For nearly a century, the Hotel Bristol Paris has been an institution on the fabled Rue du Faubourg Saint-Honoré. It's also one of the few luxury hotels in the world that has two cats on its payroll. Kleopatre & Fa-Raon roam the the lobby, lounging on Louis XVI sofas. They have come to symbolize the homey atmosphere that Le Bristol seems to achieve effortlessly.
But there's really nothing effortless about retaining the hotel's designation as a Palace, the highest accolade achievable in France — it's hard work by dedicated staff. Elegant, oozing with French charm, luxury, and perhaps the best customer service in all the land, Le Bristol may be le plus chic, le plus discreet hotel in Paris.
There are 188 luxury rooms, many of them overlook the inner courtyards, a few have Eiffel Tower views, and all are sound-proofed from the noise of the street. Rooms have a feminine touch with floral fabrics integrating the hotel's trademark colours, verdant green and dark pink..
Each room is finished with a classic mix of chandeliers, Regency-style furniture and neutral walls. The bathrooms are spacious, with pale marble and large showers and deep soaking bathtubs. Choose from Superior, or Deluxe, or the most spacious rooms, Prestige. But, if you really want to go luxe, go for the Imperial Suite.
Spanning 3,445 square feet (340 m²), the Imperial is the Bristol's largest suite. The dining room, with Versailles parquet floors, overlooks the French-style garden and can accommodate up to twelve (lucky) dinner guests. The furniture is from Maison Taillardat; they make luxury furniture based on 18th-century designs. The fabrics are from Manuel Canovas who specializes in French luxury weaves and prints. On the walls are paintings from the 18th century French rococo painter Jean-Baptiste Pater (1695-1736).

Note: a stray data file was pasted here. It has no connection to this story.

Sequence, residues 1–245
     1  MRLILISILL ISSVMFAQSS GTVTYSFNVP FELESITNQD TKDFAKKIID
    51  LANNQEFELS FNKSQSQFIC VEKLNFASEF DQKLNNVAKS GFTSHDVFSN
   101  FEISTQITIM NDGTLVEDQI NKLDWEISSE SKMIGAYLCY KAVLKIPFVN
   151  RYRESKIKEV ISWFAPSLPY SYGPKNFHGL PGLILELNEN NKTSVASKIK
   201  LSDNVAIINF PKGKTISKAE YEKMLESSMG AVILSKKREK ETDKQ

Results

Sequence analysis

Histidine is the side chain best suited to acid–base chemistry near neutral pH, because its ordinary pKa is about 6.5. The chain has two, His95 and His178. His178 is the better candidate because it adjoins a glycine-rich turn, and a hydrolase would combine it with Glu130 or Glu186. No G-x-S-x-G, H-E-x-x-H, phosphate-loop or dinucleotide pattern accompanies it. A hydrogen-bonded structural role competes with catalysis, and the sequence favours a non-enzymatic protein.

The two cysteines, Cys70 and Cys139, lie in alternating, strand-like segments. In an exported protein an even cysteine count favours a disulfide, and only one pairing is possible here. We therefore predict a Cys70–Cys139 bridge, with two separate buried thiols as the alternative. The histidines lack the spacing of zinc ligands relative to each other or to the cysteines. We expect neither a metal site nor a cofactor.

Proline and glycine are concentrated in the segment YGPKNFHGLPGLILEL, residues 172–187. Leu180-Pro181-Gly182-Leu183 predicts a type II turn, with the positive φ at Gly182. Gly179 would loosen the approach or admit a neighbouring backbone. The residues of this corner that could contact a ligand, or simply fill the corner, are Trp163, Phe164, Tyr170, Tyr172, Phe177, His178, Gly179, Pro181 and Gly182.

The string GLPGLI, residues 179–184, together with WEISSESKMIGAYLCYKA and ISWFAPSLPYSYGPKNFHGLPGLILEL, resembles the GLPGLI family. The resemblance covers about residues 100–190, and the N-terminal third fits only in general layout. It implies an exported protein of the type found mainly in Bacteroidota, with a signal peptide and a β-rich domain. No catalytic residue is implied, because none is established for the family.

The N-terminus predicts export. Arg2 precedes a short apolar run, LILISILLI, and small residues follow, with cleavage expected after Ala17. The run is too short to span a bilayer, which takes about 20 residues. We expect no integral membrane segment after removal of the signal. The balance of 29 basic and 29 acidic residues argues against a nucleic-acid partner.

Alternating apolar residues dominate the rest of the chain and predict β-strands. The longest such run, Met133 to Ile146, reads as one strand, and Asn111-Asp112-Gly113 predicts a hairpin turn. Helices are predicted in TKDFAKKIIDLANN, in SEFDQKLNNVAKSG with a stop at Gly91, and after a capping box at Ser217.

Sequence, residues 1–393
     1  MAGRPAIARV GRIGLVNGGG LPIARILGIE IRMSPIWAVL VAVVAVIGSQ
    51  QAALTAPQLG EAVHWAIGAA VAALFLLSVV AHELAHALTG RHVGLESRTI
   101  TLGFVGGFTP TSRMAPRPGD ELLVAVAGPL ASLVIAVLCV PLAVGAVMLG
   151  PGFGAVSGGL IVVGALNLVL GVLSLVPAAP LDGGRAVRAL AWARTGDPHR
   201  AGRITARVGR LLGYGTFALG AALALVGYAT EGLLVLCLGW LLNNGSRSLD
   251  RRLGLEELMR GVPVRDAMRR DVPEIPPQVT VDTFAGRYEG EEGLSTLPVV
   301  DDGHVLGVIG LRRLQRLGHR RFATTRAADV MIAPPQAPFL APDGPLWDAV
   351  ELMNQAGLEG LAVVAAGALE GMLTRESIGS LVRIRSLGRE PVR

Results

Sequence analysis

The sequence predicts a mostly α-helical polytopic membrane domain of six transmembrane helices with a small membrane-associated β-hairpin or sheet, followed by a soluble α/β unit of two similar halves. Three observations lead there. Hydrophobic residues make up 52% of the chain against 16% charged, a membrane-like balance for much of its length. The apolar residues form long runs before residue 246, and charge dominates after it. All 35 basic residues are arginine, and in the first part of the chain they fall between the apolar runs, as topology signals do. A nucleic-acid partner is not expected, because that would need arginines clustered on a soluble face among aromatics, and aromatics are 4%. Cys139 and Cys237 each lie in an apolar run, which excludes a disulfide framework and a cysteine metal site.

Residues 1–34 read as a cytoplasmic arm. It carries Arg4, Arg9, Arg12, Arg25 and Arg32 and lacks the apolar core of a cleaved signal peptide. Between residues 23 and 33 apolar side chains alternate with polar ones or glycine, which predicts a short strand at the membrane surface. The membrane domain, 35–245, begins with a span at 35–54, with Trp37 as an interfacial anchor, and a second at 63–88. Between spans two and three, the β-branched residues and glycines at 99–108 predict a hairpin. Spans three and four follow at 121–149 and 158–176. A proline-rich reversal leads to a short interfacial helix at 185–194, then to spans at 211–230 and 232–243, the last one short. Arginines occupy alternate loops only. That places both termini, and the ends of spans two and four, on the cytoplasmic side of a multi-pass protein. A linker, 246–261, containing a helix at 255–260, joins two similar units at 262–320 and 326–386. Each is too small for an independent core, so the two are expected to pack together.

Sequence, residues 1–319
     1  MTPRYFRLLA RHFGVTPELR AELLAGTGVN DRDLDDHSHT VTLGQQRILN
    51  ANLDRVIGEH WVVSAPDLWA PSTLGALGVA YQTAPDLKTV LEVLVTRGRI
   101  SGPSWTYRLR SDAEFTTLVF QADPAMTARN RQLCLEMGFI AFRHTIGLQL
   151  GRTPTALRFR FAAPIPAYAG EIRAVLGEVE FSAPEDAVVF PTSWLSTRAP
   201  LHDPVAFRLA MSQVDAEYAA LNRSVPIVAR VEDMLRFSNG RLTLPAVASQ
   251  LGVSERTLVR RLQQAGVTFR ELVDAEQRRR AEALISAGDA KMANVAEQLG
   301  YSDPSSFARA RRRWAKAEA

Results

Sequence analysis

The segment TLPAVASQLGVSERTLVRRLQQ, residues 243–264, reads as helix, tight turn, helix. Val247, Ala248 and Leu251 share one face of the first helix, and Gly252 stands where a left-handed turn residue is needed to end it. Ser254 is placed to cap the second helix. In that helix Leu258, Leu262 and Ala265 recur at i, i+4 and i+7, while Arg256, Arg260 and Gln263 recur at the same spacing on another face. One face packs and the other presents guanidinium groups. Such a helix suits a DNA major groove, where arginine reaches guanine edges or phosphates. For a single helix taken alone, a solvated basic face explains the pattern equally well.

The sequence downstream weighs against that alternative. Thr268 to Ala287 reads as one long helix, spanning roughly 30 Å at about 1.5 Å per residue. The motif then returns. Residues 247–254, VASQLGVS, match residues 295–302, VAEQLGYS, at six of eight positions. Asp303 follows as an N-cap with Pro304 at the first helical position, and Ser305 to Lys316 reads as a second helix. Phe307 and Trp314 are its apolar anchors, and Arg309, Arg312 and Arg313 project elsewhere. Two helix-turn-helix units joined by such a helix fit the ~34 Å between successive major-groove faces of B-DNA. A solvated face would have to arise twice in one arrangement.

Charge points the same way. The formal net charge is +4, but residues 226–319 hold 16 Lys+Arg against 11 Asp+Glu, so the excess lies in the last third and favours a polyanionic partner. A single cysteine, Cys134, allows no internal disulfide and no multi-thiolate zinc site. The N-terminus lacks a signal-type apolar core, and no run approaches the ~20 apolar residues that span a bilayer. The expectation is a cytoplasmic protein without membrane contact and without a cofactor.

Bathed in natural light, the main bedroom is decorated with fine silks from Veraseta. It also has a lounge area and a large walk-in wardrobe. The suite's spacious bathroom overlooks the hotel's interior garden. The suite's second bedroom is decorated with sky blue floral fabrics and has a separate lounge area which is decorated with antique prints and masterpieces, including a watercolour from the 19th-century English painter William Henry Hunt (1790-1864).
Not in the mood for Imperial? (Although we can't imagine why not!) Here are other suite options —
The multi-level spa is filled with natural light and fresh air, especially if you book a treatment in a private garden terrace room. Sone of The Duo cabins come with their own Turkish or whirlpool baths and a private balcony terrace.
Paris Insiders Rating — Superb Plus
112 Rue du Faubourg Saint-Honoré
Starting in 2010 a lengthy $130 million facelift restored a youthful, lighter glow to the 85-year-old grande dame. While much of 19th-century French regalia remained — French fabrics and gilded ceilings that date to pre-1925 — the new Bristol enhanced its best assets. The views from the Eiffel Tower rooms were expanded with floor-to-ceiling windows. The Epicure restaurant was completely redone with romantic tables overlooking the leafy courtyard.
New touches in the suites are paintings by French masters, a private gym, and a lavender and white bedroom. The hotel also added two apartment-style suites, reachable only by an original wrought-iron elevator.
One feature that didn't change is the historic main elevator designed by Jewish architect Leo Lerman during World War II. Lerman spent the war years hiding in the Bristol, designing rooms and the elegant ironwork cage elevator. The good news for Lerman was that the Bristol was one of the only hotels in Paris not taken over by the Nazis during the German occupation.